Bryan Anger

Bryan Corey Anger (born October 6, 1988) is an American football punter who is currently a free agent. He was drafted by the Jacksonville Jaguars in the third round of the 2012 NFL Draft. He played college football at California.

Jamie Collins (American football)

Jamie Collins Sr. (born October 20, 1989) is an American football linebacker who is currently a free agent. He was drafted by the New England Patriots in the second round of the 2013 NFL Draft and has also played for the Cleveland Browns. He played college football at Southern Mississippi.

Oakland Raiders

The Oakland Raiders are a professional American football franchise based in Oakland, California. The Raiders compete in the National Football League (NFL) as a member club of the league's American Football Conference (AFC) West division. Founded on January 30, 1960, they played their first regular season game on September 11, 1960, as a charter member of the American Football League (AFL) which merged with the NFL in 1970.

The Raiders' off-field fortunes have varied considerably over the years. The team's first three years of operation (1960–1962) were marred by poor on-field performance, financial difficulties, and spotty attendance. In 1963, however, the Raiders' fortunes improved dramatically with the introduction of head coach (and eventual owner) Al Davis. In 1967, after several years of improvement, the Raiders reached the postseason for the first time. The team would go on to win its first (and only) AFL Championship that year; in doing so, the Raiders advanced to Super Bowl II, where they were soundly defeated by the Green Bay Packers. Since 1963, the team has won 15 division titles (three AFL and 12 NFL), four AFC Championships (1976, 1980, 1983, and 2002), one AFL Championship (1967), and three Super Bowl Championships (XI, XV, and XVIII). At the end of the NFL's 2018 season, the Raiders boasted a lifetime regular season record of 466 wins, 423 losses, and 11 ties; their lifetime playoff record currently stands at 25 wins and 19 losses.The team departed Oakland to play in Los Angeles from the 1982 season until the 1994 season before returning to Oakland at the start of the 1995 season. Al Davis owned the team from 1972 until his death in 2011. Control of the franchise was then given to Al's son Mark Davis.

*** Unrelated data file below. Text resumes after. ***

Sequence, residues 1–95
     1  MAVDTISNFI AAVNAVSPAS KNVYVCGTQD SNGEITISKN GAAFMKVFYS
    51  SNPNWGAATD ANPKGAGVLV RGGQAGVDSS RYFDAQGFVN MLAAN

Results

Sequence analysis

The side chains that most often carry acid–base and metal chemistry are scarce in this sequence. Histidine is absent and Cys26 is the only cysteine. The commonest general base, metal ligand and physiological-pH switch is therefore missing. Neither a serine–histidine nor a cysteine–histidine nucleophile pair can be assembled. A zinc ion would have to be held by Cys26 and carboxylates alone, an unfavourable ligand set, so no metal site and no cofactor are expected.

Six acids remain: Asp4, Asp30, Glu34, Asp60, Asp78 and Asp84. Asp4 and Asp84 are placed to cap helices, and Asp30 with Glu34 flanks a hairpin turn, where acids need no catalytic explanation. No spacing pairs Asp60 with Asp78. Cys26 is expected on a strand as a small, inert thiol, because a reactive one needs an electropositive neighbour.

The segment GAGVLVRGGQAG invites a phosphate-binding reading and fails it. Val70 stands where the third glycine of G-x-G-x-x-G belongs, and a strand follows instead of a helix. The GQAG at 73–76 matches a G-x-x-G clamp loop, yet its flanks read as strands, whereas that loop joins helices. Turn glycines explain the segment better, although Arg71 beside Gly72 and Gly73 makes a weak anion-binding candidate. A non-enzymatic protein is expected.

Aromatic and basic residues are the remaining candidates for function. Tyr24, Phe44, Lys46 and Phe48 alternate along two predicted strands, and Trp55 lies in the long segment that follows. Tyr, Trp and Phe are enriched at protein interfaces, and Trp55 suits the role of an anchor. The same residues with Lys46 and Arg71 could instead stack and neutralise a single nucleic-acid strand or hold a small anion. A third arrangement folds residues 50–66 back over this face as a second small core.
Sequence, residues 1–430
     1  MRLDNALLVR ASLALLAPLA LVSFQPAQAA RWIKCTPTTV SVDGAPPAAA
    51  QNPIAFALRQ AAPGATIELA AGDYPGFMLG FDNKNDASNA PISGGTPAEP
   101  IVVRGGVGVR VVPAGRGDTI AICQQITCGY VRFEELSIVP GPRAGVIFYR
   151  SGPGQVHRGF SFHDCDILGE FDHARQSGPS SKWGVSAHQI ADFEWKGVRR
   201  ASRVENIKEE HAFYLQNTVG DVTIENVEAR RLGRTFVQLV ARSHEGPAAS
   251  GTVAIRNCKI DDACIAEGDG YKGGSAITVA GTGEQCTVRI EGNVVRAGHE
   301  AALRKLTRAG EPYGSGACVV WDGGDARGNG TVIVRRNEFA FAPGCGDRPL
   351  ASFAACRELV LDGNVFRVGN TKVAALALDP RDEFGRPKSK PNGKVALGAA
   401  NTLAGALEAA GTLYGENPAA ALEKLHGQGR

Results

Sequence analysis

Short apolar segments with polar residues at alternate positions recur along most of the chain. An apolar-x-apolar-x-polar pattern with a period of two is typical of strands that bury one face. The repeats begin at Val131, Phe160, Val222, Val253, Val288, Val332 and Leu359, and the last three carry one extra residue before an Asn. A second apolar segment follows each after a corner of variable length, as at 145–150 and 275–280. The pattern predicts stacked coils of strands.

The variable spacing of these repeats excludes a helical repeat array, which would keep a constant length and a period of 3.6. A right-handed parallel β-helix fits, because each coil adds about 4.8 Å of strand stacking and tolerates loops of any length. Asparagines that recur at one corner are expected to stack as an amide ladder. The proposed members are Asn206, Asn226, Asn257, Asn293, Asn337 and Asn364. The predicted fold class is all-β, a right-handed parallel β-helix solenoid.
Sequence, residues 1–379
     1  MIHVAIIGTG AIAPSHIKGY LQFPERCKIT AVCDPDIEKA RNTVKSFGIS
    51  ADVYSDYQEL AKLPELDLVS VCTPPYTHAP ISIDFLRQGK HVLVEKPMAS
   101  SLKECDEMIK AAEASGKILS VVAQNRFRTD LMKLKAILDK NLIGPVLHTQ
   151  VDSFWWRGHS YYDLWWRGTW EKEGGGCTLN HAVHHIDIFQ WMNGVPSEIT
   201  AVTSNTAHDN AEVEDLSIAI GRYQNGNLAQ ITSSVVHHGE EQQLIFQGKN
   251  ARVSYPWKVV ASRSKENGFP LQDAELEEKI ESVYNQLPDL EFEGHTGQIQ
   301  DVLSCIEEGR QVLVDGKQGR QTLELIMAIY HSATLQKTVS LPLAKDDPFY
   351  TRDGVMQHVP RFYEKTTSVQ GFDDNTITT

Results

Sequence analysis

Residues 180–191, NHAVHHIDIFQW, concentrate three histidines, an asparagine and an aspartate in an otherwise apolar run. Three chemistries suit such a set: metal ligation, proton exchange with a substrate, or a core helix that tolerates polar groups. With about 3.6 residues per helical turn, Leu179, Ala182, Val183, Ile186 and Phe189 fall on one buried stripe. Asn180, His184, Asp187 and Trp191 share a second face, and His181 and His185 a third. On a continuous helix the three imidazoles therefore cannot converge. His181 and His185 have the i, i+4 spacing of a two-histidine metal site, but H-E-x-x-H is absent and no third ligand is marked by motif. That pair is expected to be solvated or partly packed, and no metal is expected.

On March 27, 2017, NFL team owners voted nearly unanimously to approve the Raiders' application to relocate from Oakland to Las Vegas, Nevada, in a 31-1 vote at the annual league meetings in Phoenix, Arizona. The Raiders plan to remain in the Bay Area through 2019, and relocate to Las Vegas in 2020, pending the completion of the team's planned new stadium.The Raiders are known for their extensive fan base and distinctive team culture. The Raiders have 14 former members who have been enshrined in the Pro Football Hall of Fame. They have previously played at Kezar Stadium in San Francisco, Candlestick Park in San Francisco, Frank Youell Field in Oakland, the Los Angeles Memorial Coliseum in Los Angeles, and the Oakland–Alameda County Coliseum in Oakland.

Thomas Davis (American football)

Thomas Antonio Davis Sr. (born March 22, 1983) is an American football linebacker for the Los Angeles Chargers of the National Football League (NFL). Davis played college football for the University of Georgia, and was recognized as a consensus All-American. He was drafted by the Carolina Panthers in the first round of the 2005 NFL Draft. In 2012, Davis became the first professional athlete to return to play in his top sporting league after three anterior cruciate ligament (ACL) tears, as well as having all three tears in the same knee.